In addition, since the start of the pandemic the United States has, as of Monday, recorded over 95.3 million cases, a higher figure than any other country, and a death toll of close to 1.07 million. India has the world’s second highest number of officially recorded cases, 44.3 million, and a reported death toll of 527,368.
New data from Russia’s Rosstat state statistics service showed at the end of May that the number of Covid or Covid-related deaths since the start of the pandemic there in April 2020 is now 820,307, giving the country the world’s second highest pandemic-related death toll, behind the United States. Rosstat reported that 4,991 people died from the coronavirus or related causes in June, down from 7,008 in May and from 11,583 in April.
Meanwhile, France is the country with the third highest number of cases, 34.35 million, although Brazil has recorded the third highest number of deaths as a result of the virus, 682,587, and has recorded 34.28 million cases, placing it in the number four slot.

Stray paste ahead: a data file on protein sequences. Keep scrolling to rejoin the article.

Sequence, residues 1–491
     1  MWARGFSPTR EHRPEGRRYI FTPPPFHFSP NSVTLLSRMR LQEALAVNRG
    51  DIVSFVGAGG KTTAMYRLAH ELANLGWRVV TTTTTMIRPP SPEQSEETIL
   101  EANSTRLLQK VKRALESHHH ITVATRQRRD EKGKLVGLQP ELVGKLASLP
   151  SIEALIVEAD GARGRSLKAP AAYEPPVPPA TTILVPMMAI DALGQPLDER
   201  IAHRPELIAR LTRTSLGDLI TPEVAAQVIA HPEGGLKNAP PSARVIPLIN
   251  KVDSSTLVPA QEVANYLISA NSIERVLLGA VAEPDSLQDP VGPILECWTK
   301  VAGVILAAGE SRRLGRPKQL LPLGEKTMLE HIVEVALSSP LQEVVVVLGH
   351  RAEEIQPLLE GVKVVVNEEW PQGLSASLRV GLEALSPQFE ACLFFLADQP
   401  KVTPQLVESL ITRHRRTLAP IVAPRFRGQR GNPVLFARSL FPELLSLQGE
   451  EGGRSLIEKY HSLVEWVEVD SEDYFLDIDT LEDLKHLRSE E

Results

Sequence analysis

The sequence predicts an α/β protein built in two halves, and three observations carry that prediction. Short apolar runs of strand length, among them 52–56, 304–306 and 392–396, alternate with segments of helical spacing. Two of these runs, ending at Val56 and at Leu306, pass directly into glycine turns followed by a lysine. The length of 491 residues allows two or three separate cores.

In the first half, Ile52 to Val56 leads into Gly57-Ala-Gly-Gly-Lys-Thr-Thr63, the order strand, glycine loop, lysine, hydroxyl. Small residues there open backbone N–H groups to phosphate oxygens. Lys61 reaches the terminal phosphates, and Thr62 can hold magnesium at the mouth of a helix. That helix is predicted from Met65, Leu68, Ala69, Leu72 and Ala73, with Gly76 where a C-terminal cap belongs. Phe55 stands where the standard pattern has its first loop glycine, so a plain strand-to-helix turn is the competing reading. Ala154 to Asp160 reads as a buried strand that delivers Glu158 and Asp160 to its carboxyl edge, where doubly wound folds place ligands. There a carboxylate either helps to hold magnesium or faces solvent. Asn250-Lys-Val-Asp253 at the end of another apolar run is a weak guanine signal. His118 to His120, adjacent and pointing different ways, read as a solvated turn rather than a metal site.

Germany is in the number five slot with over 31.8 million cases.
The other three countries with total case figures over the 20 million mark are the United Kingdom, with 23.5 million cases, in sixth position, South Korea, with 22.23 million cases, placing it in the number seven slot, and Italy, with over 21.7 million, as number eight.